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Planting trees, one of the most powerful things you can do to be part of the solution.

“For me, trees have always been the most penetrating preachers. I revere them when they live in tribes and families, in forests and groves. And even more I revere them when they stand alone." - Hermann Hesse
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Planting trees, one of the most powerful things you can do to be part of the solution.

Postby Spiritwind » Wed Sep 18, 2019 2:23 pm

Planting trees, one of the most powerful things you can do to be part of the solution.

1.5 Million Volunteers Plant 66 Million Trees in 12 Hours, Breaking Guinness World Record

https://www.ecowatch.com/india-trees-wo ... 69239.html?

The central Indian state of Madhya Pradesh set a new Guinness World Record on Sunday after 1.5 million volunteers planted more than 66 million tree saplings in just 12 hours along the Narmada river.

The effort bested the state of Uttar Pradesh's previous record-breaking feat, when 800,000 participants planted 50 million trees in one day in July 2016.

Shivraj Singh Chouhan, the chief minister of Madhya Pradesh, boasted the achievement: "I am extremely proud to happily share that people of Madhya Pradesh successfully planted 6.63 Crore saplings today." One crore is 10 million.

According to a press release for the occasion, the aim of the mass-planting event was to raise awareness for the nation's "make India green again" plan. At the Paris climate conference, India pledged to increase forest cover to 95 million hectares (235 million acres) by year 2030 and is putting $6.2 billion towards the effort.

"I am greatly indebted to all who are planting trees today," Chouhan also told India.com. "We will be contributing significantly in saving nature. By participating in a plantation, people are contributing their bit to climate change initiatives and saving the environment."
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Re: Planting trees, one of the most powerful things you can do to be part of the solution.

Postby Spiritwind » Wed Sep 18, 2019 2:32 pm

THE BRAZILIAN PHOTOGRAPHER AND THE 20-YEAR REFORESTATION PROJECT OF OVER 2.7 MILLION TREES

https://www.brightvibes.com/1083/en/the ... lion-trees?

THE PROJECT SERVES AS A BEACON TO AWAKEN AWARENESS OF THE NEED TO RESTORE AND CONSERVE FOREST LAND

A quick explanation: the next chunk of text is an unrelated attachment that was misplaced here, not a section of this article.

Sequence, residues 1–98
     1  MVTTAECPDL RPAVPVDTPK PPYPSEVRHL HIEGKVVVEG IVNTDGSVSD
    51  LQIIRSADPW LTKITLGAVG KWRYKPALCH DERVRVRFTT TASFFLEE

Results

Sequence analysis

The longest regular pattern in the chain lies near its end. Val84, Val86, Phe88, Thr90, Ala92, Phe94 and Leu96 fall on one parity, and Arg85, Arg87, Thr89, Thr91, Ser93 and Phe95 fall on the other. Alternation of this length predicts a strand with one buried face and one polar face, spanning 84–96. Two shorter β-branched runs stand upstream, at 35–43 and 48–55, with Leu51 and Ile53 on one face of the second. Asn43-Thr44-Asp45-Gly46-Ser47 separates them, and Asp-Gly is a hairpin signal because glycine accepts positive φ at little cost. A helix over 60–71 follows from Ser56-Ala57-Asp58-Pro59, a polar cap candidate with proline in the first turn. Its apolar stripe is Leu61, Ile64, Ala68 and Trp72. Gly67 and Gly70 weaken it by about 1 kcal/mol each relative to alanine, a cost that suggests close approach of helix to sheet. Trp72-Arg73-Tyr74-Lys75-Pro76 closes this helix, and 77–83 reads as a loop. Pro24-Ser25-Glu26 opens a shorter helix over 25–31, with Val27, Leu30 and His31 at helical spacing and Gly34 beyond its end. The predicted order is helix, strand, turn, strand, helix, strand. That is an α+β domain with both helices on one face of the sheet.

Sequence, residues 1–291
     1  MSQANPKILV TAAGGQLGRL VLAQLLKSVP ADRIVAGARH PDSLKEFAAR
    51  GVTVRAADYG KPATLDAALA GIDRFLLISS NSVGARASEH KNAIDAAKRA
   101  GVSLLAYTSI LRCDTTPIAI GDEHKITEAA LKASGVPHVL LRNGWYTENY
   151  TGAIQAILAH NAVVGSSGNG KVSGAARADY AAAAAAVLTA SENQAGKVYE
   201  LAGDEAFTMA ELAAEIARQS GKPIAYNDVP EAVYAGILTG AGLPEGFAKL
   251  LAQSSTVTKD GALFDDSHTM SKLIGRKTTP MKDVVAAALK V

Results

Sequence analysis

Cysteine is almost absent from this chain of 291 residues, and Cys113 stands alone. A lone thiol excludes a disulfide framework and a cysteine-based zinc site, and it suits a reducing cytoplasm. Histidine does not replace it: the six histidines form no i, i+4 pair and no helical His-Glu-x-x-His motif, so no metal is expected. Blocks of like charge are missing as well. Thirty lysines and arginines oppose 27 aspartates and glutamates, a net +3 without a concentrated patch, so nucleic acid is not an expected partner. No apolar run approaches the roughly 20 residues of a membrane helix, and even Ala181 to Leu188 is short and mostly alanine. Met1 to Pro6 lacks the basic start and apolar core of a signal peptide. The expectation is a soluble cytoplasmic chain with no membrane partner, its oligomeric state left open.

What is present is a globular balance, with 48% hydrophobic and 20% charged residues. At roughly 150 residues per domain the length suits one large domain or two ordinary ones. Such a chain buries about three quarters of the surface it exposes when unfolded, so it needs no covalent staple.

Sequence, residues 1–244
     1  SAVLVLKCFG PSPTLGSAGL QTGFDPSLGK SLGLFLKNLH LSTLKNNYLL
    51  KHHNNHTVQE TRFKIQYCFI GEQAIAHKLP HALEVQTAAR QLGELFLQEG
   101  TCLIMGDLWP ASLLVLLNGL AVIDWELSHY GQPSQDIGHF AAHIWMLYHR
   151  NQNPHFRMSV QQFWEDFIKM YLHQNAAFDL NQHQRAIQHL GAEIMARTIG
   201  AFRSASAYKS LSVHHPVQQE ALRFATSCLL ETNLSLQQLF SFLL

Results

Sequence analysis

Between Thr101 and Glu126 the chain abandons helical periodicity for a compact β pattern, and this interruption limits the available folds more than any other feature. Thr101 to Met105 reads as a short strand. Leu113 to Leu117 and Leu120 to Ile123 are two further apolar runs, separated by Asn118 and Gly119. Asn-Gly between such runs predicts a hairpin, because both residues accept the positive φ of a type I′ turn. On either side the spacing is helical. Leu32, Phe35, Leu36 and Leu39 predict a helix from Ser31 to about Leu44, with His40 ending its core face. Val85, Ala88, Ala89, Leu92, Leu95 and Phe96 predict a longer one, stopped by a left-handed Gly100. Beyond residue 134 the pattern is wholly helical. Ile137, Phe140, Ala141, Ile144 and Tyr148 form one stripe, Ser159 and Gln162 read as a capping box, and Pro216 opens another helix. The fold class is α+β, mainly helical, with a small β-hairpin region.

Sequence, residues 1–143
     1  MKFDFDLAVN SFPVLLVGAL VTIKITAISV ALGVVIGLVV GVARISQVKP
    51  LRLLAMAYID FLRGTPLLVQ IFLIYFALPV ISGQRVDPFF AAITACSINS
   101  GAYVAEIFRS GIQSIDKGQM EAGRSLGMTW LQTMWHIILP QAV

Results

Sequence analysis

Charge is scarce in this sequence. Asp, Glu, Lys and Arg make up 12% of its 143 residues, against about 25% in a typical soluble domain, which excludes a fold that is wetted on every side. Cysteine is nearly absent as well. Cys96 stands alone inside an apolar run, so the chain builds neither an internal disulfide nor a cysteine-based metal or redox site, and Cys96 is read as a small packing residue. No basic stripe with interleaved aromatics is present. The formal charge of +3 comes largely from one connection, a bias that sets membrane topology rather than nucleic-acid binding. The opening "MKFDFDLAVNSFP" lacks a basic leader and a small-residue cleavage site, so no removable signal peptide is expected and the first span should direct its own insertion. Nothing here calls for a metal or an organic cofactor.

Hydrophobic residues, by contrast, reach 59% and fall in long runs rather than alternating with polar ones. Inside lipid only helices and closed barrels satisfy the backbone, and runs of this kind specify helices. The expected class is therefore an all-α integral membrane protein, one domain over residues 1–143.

This project is the result of an ambitious initiative taken in the late 1990s by renowned Brazilian photographer Sebastião Salgado and his wife Lélia Deluiz Wanick Salgado. Confronting environmental devastation in and around a former cattle ranch bought from Salgado’s family near the town of Aimorés, in Brazil’s state of Minas Gerais, they decided to return the property to its natural state of subtropical rainforest. The ongoing results are truly amazing.

THE DREAM OF PLANTING A FOREST IN BRAZIL GAVE BIRTH TO THE INSTITUTO TERRA

When celebrated Brazilian photographer Sebastião Salgado took over family land in the state of Minas Gerais, instead of the tropical paradise that he remembered as a child, he found the trees cut down and the wildlife gone. 

He was devastated. It was 1994 and he had just returned from a traumatic assignment reporting on the genocide in Rwanda.

“The land was as sick as I was – everything was destroyed,”  Salgado told The Guardian. “Only about 0.5% of the land was covered in trees.”

Salgado’s wife, Lélia Deluiz Wanick Salgado, had the idea to replant the forest. When they began to do that, all the insects and birds and fish began to return.

Salgado and his family recruited partners, raised funds and, in April 1998, they founded the Instituto Terra and have now planted more than 2 million trees, totally transforming the environment. 

In doing so, Salgado says he has found one answer to climate change – as well as creative inspiration.

“Perhaps we have a solution. There is a single being which can transform CO2 to oxygen, which is the tree. We need to replant the forest. You need forest with native trees, and you need to gather the seeds in the same region you plant them or the serpents and the termites won’t come. And if you plant forests that don’t belong, the animals don’t come there and the forest is silent.